What are Intangible Assets?
According to the IFRS, intangible assets are identifiable, non-monetary assets without physical substance. Like all assets, intangible assets are expected to generate economic returns for the company in the future. As a long-term asset, this expectation extends for more than one year or one operating cycle.
Intangible assets lack a physical substance like other assets such as inventory and equipment. They form the second largest category of long-term assets, behind number one – PP&E. They can be separated into two classes: identifiable and non-identifiable.
Identifiable and Unidentifiable Intangible Assets
Identifiable intangible assets are those that can be separated from other assets and can even be sold by the company. These are assets such as intellectual property, patents, copyrights, trademarks, and trade names. Software and other computer-related assets outside of hardware also classify as identifiable intangible assets.
Unidentifiable intangible assets are those that cannot be physically separated from the company. The most commonplace unidentifiable intangible asset is goodwill. Internally generated goodwill is always expensed and never recorded as an asset, but externally generated goodwill can be recorded as an asset when a company acquires or merges with another company and pays above its fair value, the difference is recorded as goodwill.
This asset is not depreciated like PP&E. However, it is instead tested for impairment regularly. A company will record an impairment loss if it deems the goodwill’s value has decreased from its recorded book value.
Another key unidentifiable asset is branding and reputation. While a company can sell its trademark, logos, and such, it can be very difficult to separate good branding and reputation from a strong company. Nonetheless, brand recognition and reputation are expected to generate good economic returns for the company in the future.
While PP&E is depreciated, intangible assets are amortized (except for goodwill). These assets are amortized over the useful life of the asset. Generally, intangible assets are simply amortized using the straight-line expense method.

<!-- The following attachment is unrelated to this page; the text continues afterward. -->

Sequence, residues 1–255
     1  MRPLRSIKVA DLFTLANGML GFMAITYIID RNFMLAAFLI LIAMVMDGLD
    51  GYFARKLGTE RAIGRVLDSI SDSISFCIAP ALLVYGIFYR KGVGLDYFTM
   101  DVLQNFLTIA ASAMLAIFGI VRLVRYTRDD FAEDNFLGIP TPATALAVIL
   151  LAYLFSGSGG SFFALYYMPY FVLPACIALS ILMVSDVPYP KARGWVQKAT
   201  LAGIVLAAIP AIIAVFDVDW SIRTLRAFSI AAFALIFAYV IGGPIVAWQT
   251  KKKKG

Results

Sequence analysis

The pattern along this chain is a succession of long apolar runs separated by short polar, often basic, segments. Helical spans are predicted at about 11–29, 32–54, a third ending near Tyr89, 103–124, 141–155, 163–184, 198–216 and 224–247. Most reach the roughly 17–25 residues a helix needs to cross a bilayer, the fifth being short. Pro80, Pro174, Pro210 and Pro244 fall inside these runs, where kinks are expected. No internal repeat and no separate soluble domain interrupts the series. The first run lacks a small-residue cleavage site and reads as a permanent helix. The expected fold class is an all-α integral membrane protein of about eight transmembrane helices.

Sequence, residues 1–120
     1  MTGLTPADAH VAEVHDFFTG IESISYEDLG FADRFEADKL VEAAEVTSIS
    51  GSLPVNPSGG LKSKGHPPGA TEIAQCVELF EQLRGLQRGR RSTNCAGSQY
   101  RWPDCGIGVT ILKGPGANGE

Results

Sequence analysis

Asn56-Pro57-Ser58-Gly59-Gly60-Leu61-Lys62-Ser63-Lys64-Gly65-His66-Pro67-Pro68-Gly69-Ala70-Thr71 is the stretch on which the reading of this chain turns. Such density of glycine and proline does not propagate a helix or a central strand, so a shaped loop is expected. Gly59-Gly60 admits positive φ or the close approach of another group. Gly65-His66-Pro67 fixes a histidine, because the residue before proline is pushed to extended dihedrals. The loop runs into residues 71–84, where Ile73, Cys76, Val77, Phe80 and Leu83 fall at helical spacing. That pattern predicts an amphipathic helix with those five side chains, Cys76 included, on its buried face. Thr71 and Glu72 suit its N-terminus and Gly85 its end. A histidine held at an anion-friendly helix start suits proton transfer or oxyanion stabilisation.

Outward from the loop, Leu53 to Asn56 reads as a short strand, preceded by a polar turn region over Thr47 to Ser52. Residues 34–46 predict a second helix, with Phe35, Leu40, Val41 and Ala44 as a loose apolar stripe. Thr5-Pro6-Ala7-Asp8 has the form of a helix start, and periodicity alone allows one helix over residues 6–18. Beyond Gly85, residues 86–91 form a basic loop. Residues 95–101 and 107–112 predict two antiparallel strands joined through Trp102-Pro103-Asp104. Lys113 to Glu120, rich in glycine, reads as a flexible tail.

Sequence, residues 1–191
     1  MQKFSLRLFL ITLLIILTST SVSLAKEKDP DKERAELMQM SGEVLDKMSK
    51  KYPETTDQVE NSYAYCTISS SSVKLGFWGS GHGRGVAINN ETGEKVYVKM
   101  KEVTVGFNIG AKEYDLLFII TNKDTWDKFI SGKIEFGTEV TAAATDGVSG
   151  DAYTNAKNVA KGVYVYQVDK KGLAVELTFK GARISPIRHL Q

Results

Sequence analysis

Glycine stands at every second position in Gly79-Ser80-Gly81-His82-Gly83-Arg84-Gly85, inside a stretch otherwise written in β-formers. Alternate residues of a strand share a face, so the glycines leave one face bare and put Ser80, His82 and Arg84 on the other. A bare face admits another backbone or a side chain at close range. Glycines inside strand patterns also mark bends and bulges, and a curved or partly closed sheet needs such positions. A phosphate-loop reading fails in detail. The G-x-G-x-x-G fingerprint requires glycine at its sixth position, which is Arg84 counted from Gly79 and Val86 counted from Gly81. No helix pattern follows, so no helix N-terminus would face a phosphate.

If an intangible asset has a perpetual life, it is not amortized. Consequently, if an intangible asset has a useful life but can be renewed easily and without substantial cost, it is considered perpetual and is not amortized.
McRonald’s has two intangible assets. The first is a patent worth $25,000,000 and with a useful life of 50 years. The patent expires and cannot be renewed. The second is a trademark worth $1,000,000 and with a useful life of 10 years, after which it expires. However, the trademark can be renewed at a marginal cost. What is McRonald’s amortization expense per year?
The trademark is not amortized, as it virtually has a perpetual life. The patent, however, is amortized on the straight-line scale over its 50-year life. The amortization expense is $25,000,000 / 50 = $500,000. Thus, the yearly amortization expense for McRonald’s is $500,000.
Referring to the identifiable intangible asset definition mentioned earlier, goodwill does not meet the IFRS definition, as it is not identifiable/not separable. However, goodwill is still an intangible asset, treated as a separate class. The main difference concerning goodwill, as compared to other intangibles, is that goodwill is never amortized.
In accounting, goodwill represents the difference between the purchase price of a business and the fair value of its assets, net of liabilities.
What this essentially means is the difference represents how much the buyer is willing to pay for the business as a whole, over and above the value of its individual assets alone. For example, if XYZ Company paid $50 million to acquire a sporting goods business and $10 million was the value of its assets net of liabilities, then $40 million would be goodwill. Companies can only have goodwill on their balance sheets if they have acquired another business.
Finally, another type of intangible asset is government grants. For several reasons, governments at all levels may choose to provide financial assistance to companies that engage in certain activities. The accounting treatment used for grants is either the net method or the gross method.
The net method deducts the grant from the assets book value to arrive at the carrying amount of the asset, while the gross method records the asset at its gross value (full purchase price) and sets up the grant as deferred income.
Government grants may be in the form of a specific grant that includes specific requirements/stipulations such as employment levels or pollution control levels. If these stipulations are not met, then the grants may need to be refunded by the company. Government grants may also include forgivable loans in situations where companies meet certain conditions.
As the name implies, the loan does not need to be repaid. In terms of recognition, government grants should be recognized only if:
- The entity will comply with the stipulations/requirements attached to them; and
- The grants will actually be received.
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